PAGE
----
A continuous positive airway pressure device (CPAP) is a treatment option for those with sleep apnea or other breathing problems. The CPAP consists of three major parts: a mask that fits over the mouth and nose with straps to hold it in place, a tube that connects the mask to the motor and the motor itself, which generates airflow. The pressure from the CPAP prevents the patient’s airway from becoming blocked so that they can sleep with less snoring and pausing in their breathing.
An oral appliance is another treatment option for those with mild or moderate sleep apnea or chronic snoring. The device resembles an athletic mouth guard and is custom-fit to the patient’s mouth. It works by supporting the jaw in a forward position to ensure the airway remains open. The advantages of an oral appliance are that it is usually comfortable, easy to wear, convenient and simple to care for, portable and doesn’t make noise like a CPAP. Your ENT will work alongside your dentist to ensure your oral appliance is effective and well-fitting.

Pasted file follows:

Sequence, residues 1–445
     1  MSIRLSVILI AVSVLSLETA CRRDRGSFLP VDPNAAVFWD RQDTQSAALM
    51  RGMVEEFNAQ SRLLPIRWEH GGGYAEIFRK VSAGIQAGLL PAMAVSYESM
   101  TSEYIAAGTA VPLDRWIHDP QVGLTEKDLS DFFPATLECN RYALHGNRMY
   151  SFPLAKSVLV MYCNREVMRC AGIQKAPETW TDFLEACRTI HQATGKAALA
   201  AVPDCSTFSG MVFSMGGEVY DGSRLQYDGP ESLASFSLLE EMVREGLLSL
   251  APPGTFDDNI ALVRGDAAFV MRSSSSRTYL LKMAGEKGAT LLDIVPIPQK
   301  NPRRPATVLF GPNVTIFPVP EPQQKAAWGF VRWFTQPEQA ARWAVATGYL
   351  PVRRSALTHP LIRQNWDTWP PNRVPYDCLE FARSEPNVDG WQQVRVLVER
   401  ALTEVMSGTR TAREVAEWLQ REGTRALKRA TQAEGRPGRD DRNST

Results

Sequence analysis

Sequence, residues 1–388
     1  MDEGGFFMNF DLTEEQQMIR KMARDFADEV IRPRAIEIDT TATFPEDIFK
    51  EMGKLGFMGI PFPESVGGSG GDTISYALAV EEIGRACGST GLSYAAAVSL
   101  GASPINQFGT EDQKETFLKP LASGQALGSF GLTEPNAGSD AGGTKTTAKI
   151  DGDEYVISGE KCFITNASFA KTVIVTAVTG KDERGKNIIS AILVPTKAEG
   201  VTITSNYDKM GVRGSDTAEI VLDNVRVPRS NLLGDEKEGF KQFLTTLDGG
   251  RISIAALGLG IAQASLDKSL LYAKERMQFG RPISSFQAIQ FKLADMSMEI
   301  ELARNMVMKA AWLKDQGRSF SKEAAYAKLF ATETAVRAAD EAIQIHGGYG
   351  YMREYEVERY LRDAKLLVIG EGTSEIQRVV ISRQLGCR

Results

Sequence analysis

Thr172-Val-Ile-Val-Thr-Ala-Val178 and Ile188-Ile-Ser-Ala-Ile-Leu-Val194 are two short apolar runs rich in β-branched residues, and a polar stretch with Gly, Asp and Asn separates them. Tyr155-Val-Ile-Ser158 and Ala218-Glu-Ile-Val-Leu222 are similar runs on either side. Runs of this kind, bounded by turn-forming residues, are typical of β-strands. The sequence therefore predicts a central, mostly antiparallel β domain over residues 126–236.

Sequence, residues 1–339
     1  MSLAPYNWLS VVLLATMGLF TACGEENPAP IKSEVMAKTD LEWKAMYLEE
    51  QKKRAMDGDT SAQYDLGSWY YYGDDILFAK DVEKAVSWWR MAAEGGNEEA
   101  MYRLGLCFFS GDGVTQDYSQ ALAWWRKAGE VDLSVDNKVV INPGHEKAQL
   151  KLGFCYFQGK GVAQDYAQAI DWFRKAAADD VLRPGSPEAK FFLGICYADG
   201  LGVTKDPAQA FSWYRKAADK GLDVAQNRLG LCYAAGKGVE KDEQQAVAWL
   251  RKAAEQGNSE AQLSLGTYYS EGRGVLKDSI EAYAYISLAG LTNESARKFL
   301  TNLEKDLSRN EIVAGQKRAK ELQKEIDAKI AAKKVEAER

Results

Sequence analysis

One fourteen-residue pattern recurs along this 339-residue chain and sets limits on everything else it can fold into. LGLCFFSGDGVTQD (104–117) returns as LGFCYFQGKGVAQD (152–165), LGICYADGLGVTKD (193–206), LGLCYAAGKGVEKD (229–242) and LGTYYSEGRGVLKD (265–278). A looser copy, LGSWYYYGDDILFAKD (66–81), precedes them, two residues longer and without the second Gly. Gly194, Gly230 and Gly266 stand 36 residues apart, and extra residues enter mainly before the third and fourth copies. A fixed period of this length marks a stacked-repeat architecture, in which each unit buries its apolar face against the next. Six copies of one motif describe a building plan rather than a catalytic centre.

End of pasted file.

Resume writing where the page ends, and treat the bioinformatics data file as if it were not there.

Sleep Apnea Surgery
Surgery may be necessary if you have sleep apnea that has not been effectively treated with an oral appliance or CPAP or if there is a significant anatomic obstruction. The surgery required varies depending on what is causing the sleep apnea. In children, sleep apnea is commonly caused by enlarged tonsils or adenoids; in this case, the patient would undergo a tonsillectomy and/or adenoidectomy. Other types of surgery can correct a collapsing soft palate, a poorly set jaw, a swollen tongue, excessive throat tissue or other structural problems that may cause blockage in the airway.
Tonsils & Adenoids
The tonsils and adenoids are lymph glands made up of tissues, fibers and white blood cells in the body’s immune system. Tonsils are the two round lumps in your throat that the doctor examines when he tells you to stick out your tongue and say “ah.” Tonsils are prone to swelling, soreness and abscesses when they become infected. Swollen tonsils can obstruct the throat and make swallowing, breathing and sleeping difficult.
Adenoids have the same function as tonsils, but they are located in the throat behind the nose and above the soft palate. Adenoids are prone to the same conditions as tonsils, but they can cause additional problems with the ear, because the adenoids are located near the Eustachian tubes. Symptoms of adenoid and tonsil infections may include sore throat, stuffy nose, bad breath, earache, fever, swallowing difficulties and snoring.